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Darla Moore School of Business

Three skill sets for the next generation of international business leaders

What skills should International Business graduates have for the next phase of globalization? Sonoco International Business Department professor Nancy Buchan and her Moore School collaborators answer this question in their article, “Changes in Globalization: How Should IB Education Respond?” 

This article recently appeared in the flagship magazine of the Academy of International Business, the premier global community of international business scholars. 

Globalization has changed significantly since the 1980s. Geopolitical upheaval, environmental degradation, increasing inequality within and across societies and advancing technology reset the game board for international business students. IB education must adapt and prepare students to grapple with these new dynamics. 

For example, advancements in artificial intelligence and machine learning will reduce the number of jobs for most rudimentary forms of analysis. Whereas previous generations of students learned “what” were the dynamics at play in business across borders, Moore School professors Buchan, Elizabeth Ravlin and Orgul Ozturk point out students need to understand “why” certain conditions emerge. By analyzing employment data from the U.S. Department of Labor’s O*NET database, the three sets of Knowledge, Skills and Abilities (KSAs) were distinguished as increasing in demand since 1980. 

First, the key knowledge is related to broad learning, such as understanding foreign languages, sociology and anthropology, law, governance and jurisprudence, and negotiation. The ability to connect the dots across complex systems is critical for navigating a world with increasing volatility, unpredictability, complexity and ambiguity.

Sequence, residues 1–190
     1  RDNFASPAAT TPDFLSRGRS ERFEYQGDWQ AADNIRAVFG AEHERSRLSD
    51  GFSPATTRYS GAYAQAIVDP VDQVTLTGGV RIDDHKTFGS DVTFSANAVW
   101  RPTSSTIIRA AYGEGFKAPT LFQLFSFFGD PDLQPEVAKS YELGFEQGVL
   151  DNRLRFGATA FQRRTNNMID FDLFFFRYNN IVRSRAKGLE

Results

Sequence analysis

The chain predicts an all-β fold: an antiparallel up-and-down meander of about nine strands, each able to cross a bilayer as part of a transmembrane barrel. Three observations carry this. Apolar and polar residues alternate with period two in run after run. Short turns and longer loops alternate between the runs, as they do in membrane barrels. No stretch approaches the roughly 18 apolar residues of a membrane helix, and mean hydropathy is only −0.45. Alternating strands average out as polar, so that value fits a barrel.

The ability to apply different frames of reference to problems for firms and society breaks the mold of depth over breadth — as new perspectives shed light on old problems. These different frameworks also provide an advantage to contextualize the local dynamics of global policies, which are increasingly important as globalization continues onward. 

Second, the key skills are not easily replicable by artificial intelligence, such as social perceptiveness, coordination and persuasion. While some obsolescence may affect many functions, people will remain a key component of international business. Negotiating deals across cultures, organizing teams of people and winning business for their firms are actions carried out by people — for now. These types of interpersonal capabilities will be vital as the competition increases over fewer positions. 

Third, the key abilities are experiential, especially those reliant on autonomy and independence. An individual’s capacity to work on their own to balance interests of local and global stakeholders, “figure it out” and continually learn will be key in constantly changing, complex and uncertain environments. The question of returning to work after the pandemic, for example, is such a case. Without the traditional experience of in-person office work, individuals will need to be prepared for less guidance and higher expectations.

So, what does this look like? Research shows that the best IB education provides for higher-level analytical thinking, increased learning capacity and experience-based opportunities. Students excel when they have more practice grappling with different cultures and peoples through immersive study abroad opportunities along with dynamic projects in the classroom involving people and problems from the local culture.

Integrating different outlooks on IB topics enables students to consider different perspectives. Instilling an attitude of lifelong learning is key for students to adapt to the next phase of globalization. 

Read the complete article.

Read more IB stories in the November 2021 "The Edge" E-Newsletter.

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